Location:2011 Annual Report
1a. Objectives (from AD-416)
ARS Project Plan 1265-31000-096-00D has two objectives that directly relate to this agreement. The first is to develop methods to incorporate high-density genomic data in predictions of genetic merit, and the second is to investigate correlations among traits to efficiently combine evaluations to select for healthy dairy animals capable of producing quality milk at a low cost in many environments. The Cooperator has the expertise and infrastructure to develop statistical methods for the analysis of genome- and chromosome-wide (co)variance matrices calculated from genetic marker effects. Such methods may be useful for understanding the biology of economically important traits in dairy cattle, as well as identifying important nodes in gene networks.
1b. Approach (from AD-416)
Single nucleotide polymorphism (SNP) effects estimated independently in the Italian and U.S. Brown Swiss cattle populations by the Cooperator and ARS, respectively, will be used to develop methods for comparing genetic (co)variance matrices for various traits of economic importance in those breeds. Methods developed will be reported in the scientific literature. ARS and the Cooperator will jointly develop the statistical methods using a shared set of simulated data. The methods will be applied by AIPL to U.S. data and by the Cooperator to Italian data. Results will be used to compare the two populations.
3. Progress Report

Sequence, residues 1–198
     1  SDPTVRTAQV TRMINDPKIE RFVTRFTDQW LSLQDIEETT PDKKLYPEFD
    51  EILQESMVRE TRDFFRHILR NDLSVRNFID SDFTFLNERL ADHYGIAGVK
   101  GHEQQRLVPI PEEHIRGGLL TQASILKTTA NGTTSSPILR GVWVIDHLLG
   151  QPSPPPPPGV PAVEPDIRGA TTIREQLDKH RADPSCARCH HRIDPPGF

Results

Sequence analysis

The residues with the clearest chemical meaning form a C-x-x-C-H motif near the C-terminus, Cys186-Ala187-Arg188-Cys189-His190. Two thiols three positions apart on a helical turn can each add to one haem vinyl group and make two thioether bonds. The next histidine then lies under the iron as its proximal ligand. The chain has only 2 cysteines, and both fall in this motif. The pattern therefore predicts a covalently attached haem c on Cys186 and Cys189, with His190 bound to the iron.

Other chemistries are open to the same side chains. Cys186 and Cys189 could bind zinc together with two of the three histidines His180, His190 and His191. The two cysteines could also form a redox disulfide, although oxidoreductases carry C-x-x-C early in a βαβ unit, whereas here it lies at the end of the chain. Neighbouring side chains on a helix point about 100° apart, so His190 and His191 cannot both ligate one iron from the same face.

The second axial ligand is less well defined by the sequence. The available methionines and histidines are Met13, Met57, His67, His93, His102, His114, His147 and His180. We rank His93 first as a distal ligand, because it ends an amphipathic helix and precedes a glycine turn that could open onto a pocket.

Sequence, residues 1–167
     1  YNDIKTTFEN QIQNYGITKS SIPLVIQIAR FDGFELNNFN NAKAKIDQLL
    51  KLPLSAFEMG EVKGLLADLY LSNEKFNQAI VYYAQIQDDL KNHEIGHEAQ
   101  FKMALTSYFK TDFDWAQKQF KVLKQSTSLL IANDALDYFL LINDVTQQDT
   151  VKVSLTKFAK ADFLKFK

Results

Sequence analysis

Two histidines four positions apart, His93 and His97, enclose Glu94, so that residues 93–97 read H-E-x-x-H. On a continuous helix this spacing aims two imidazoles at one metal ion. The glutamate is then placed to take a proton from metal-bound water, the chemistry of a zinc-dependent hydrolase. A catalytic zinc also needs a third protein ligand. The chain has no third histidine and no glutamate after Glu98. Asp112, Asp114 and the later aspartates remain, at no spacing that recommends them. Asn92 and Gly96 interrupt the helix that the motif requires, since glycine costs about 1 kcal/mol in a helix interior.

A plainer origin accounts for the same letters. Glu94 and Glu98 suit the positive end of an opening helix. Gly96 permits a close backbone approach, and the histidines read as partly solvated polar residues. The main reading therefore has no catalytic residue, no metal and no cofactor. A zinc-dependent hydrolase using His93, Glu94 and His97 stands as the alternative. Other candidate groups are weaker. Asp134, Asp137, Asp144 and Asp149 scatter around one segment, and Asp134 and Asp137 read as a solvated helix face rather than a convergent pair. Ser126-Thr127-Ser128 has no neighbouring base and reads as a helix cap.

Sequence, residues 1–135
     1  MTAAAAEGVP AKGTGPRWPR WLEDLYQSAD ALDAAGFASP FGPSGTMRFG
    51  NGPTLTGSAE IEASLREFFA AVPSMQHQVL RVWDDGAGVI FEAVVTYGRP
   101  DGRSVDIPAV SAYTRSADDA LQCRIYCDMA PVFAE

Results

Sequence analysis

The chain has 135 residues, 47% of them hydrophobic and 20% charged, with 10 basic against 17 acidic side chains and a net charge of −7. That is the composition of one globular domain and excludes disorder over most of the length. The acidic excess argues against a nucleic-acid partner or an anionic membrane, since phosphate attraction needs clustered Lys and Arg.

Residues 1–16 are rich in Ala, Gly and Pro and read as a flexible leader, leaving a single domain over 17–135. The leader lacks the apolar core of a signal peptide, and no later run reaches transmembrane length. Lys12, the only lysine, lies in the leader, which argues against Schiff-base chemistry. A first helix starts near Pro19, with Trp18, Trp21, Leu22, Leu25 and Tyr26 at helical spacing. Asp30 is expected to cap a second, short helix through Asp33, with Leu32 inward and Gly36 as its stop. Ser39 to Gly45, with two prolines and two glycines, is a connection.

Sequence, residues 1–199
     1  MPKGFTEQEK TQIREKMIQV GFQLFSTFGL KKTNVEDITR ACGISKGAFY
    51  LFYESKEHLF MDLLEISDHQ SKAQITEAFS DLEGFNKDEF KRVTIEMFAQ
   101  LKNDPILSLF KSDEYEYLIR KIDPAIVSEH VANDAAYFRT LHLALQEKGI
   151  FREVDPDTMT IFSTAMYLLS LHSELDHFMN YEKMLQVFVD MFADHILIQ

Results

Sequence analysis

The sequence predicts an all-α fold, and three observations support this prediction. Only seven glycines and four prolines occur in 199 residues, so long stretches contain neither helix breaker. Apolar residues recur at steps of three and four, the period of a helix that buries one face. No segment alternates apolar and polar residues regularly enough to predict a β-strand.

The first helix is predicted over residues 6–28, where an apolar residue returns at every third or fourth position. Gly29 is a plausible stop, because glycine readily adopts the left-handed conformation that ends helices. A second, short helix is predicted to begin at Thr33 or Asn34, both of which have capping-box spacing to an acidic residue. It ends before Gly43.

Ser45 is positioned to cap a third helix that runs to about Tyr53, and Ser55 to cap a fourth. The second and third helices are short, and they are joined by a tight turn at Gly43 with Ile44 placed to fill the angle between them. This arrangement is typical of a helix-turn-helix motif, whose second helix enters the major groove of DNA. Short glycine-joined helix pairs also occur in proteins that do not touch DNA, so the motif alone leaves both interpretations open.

This project is related to in-house subobjective 3a (develop methodology for calculation of genome-enhanced breeding values using SNP genotypes). Genomic (co)variance matrices were provided to the Cooperator. Genomewide correlation matrices as well as chromosomal correlation matrices for Bos taurus autosomes (BTA) 6, 14, and 18 were analyzed using multivariate factor models for three U.S. dairy cattle breeds (63,615 Holsteins, 8,084 Jerseys, and 2,038 Brown Swiss). A total of 23 productive and functional traits were considered. About 80% of (co)variance was explained by six or seven latent factors. Comparison of correlations between factors and traits highlighted some similarities between breeds at the genomewide level. Latent factors associated with yield traits, milk composition, udder morphology, strength, and functional traits (productive life, somatic cell score, and daughter pregnancy rate) were extracted. Some differences were observed at chromosomal level. On BTA 6, yield and milk composition overlapped with a single factor for Brown Swiss but tended to remain distinct for Holsteins and Jerseys. However, Holsteins and Jerseys had two latent factors associated with functional traits on BTA 6, which has genes that affect milk production and reproduction. Analysis of BTA 14 disclosed a factor that was associated with both Jersey yield and milk composition traits (except for protein percentage) and differences between genomewide and chromosomal analyses were noted, which is consistent with the presence of genes known to affect selected traits (for example, DGAT1). Results for genomewide and chromosomal analyses were similar for BTA 18, which is known to have a quantitative trait locus that affects Holstein calving traits and conformation. Multivariate factor analysis was capable of identifying differences in genetic correlations among traits across the genome and on individual chromosomes and may be a useful tool to identify regions of the genome that affect multiple traits for further study. A scientific abstract was published. Monitoring activities included e-mail correspondence and a meeting with the Cooperator’s principal investigator at a national scientific meeting.